Soooooo, how often does it happen that someone nukes a database and attempts for a restore fail?
Asking for a friend, who happens to be "future me"

Iam very much not responsible for fixing it but I will have a whole lot of work....

  • 3
    Fake your future self's death 😉
  • 2
    occasionally, most often with new employees that get a bit too over confident with their accesses and try to fix everything only to accidentally then fuck it up more.

    But any company and/or project worth its salt will have automatic backups (multiple), strict access control or ideally both.

    You can go even into more extreme measures, like a database mirror that is only read only and jumps into action if the first database goes offline. That not only serves as an additonal offsite backup but, but keeps your production in a functional, although limited mode...

    Eitherway, you need to build and prepare your measures based on the scale of the project and the budget. But it still stands that prevention is the best thing you can do... just don't give people access to do that, look into setting up proper permissions and accesses for everyone who *needs* access...
  • 3
    1 bad query is all it takes.

    But having automated backups (minimal of daily ideally hourly or better depending on budgets) and being able to hit restore should be all it takes.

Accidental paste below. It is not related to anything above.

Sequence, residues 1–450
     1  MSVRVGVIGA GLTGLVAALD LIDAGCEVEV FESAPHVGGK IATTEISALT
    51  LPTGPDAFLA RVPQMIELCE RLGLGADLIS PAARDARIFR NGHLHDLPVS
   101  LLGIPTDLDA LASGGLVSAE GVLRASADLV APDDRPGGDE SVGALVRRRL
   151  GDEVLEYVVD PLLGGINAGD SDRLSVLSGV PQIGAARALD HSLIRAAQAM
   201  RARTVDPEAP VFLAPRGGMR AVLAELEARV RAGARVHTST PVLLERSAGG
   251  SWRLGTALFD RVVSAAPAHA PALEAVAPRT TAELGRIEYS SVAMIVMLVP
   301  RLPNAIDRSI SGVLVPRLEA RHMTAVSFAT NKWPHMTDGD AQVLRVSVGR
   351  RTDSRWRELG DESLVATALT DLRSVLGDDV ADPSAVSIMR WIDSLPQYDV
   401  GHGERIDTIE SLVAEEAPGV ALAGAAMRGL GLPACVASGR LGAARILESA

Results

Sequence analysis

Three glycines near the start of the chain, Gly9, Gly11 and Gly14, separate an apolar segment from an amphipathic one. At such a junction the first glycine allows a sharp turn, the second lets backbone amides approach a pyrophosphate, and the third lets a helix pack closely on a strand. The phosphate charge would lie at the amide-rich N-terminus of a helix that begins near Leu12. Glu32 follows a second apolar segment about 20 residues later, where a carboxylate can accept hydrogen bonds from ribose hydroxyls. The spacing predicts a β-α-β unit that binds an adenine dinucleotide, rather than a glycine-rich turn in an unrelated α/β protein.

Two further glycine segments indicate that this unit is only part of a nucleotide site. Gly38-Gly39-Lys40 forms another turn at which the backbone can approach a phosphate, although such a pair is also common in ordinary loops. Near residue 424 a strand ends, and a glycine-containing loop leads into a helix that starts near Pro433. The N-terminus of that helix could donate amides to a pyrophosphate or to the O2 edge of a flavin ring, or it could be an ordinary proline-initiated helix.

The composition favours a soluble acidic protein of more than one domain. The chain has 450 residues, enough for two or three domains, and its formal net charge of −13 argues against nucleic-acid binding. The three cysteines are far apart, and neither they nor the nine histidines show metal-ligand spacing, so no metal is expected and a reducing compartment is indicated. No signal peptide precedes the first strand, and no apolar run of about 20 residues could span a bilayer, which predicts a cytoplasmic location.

Last time I had a db fail was due to the slave db fucking up the auto increments and having 2 databases start being the master / primary which didn't end well trying to do db comparisons and merge unique slave data back onto the master/primary db.
  • 1
    You are expecting a restore to fail. Everyone is talking about backups, which is all true, but also testing restores on a semi regular basis to make sure that works is also a thing. Backing it up for years and never making sure it can come back will haunt you, and yes, that’s where fake your death comes in.
  • 3
    A coworker of mine didn't nuke a database (it did that to itself because the team we inherited it from built it from toothpicks and thread) but he had to spend the next week rebuilding it because the restore failed.

    It was a secrets store. Loads of passwords, api keys, etc., all inaccessible for a week.

    Restoring it was a nightmare and we now have a project going into our upcoming sprints to rebuild it out of something more robust than toothpicks and thread.
  • 1
    Even if the restoration works, the challenge would be the time taken to restore it. You may not have the luxury of keeping your customers waiting

    We did a batch copy ranging from today to today - 21 days and so on until we restored a reasonably good date range of data

    But being in a position where even restore won't work is much worse
  • 0
    Nuke, hehe. Try finding out a dev malformed the whole DB with their service. Nuke is childs play, at least the service is down and not making it worse.
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